What GAO Found
Medicare covers short-term care for residents in about 15,500 skilled nursing facilities (SNF) after a hospital stay. GAO’s analysis of 2019 staffing data found that almost all SNFs frequently met a federal requirement for a registered nurse (RN) on site for 8 hours per day. Fewer SNFs frequently met two other staffing measures that specify different numbers of nursing hours per resident per day. For example, about half of SNFs frequently met Centers for Medicare & Medicaid Services (CMS) case-mix measures—hours worked per resident that vary based on the medical needs of each SNF’s residents—that CMS uses to set SNF staffing ratings. Further, about one-quarter of SNFs frequently met staffing thresholds for minimum RN and total nurse staffing that a CMS staffing study identified as needed to avoid quality problems. SNFs are not subject to these quality thresholds for ratings or as requirements, but many stakeholders have recommended that they be used as SNF staffing thresholds.
CMS reports certain key staffing information—such as RN overall staffing hours—on its Care Compare website, but does not report other important information. For example, GAO found that average RN staffing hours decreased about 40 percent on weekends, but CMS does not directly report this information. This limits the ability of beneficiaries to make informed choices among SNFs when choosing a facility.
GAO estimated that in 2018 Medicare spent over $5 billion on critical incidents that CMS defines as potentially preventable—which are mostly about 377,000 hospital readmissions occurring within 30 days of the SNF admission. Current law directs CMS to make reductions of up to 2 percent to certain SNFs’ payments to incentivize them to improve care, but does not address additional reductions. Experts have noted that payment incentives under current law may not be sufficient to motivate SNFs to improve their staffing, which in turn could lead to reductions in critical incidents. Without stronger payment incentives, Medicare is unlikely to reduce the billions in spending on potentially preventable critical incidents or the patient harm that can occur from them.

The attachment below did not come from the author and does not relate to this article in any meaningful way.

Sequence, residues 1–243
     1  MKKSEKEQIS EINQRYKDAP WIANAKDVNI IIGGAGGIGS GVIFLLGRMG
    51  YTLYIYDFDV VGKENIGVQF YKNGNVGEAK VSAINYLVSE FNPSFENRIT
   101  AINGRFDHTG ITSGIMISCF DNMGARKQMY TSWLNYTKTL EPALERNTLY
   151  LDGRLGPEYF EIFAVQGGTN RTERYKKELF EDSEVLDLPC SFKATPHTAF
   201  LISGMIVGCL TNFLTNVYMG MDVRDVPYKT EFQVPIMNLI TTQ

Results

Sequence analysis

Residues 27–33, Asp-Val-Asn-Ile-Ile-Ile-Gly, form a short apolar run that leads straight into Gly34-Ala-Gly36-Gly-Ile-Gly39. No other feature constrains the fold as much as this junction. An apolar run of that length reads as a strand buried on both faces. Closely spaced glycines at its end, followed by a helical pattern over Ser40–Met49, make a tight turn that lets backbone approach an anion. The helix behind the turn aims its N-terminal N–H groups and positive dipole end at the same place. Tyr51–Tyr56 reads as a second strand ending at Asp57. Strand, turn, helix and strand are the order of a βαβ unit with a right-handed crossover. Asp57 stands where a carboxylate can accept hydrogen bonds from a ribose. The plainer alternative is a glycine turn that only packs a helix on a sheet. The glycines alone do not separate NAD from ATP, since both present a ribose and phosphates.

Why GAO Did This Study
In 2019, Medicare spent nearly $28 billion on care provided to 1.5 million beneficiaries in SNFs—a type of nursing facilty that provides residents short-term rehabilitation care after a hospital stay rather than long-term nursing home care that Medicare does not cover. SNFs must meet federal standards to participate in Medicare. CMS rates SNFs on factors such as staffing and quality of care and publishes its ratings on the Care Compare website.
GAO was asked to examine SNF staffing and rates of critical incidents. This report examines (among other objectives): SNF performance on staffing measures, CMS reporting of staffing information on Care Compare, and Medicare payments for critical incidents. GAO analyzed CMS staffing and critical incidents data, information on Care Compare, and Medicare claims data for 2018 and 2019. GAO also interviewed CMS officials and other stakeholders such as key researchers and beneficiary groups.
Reissued with revisions on Aug. 10, 2021.
On August 10, 2021, this report was corrected to display the first page of written comments from the Department of Health and Human Services, which appears on page 52.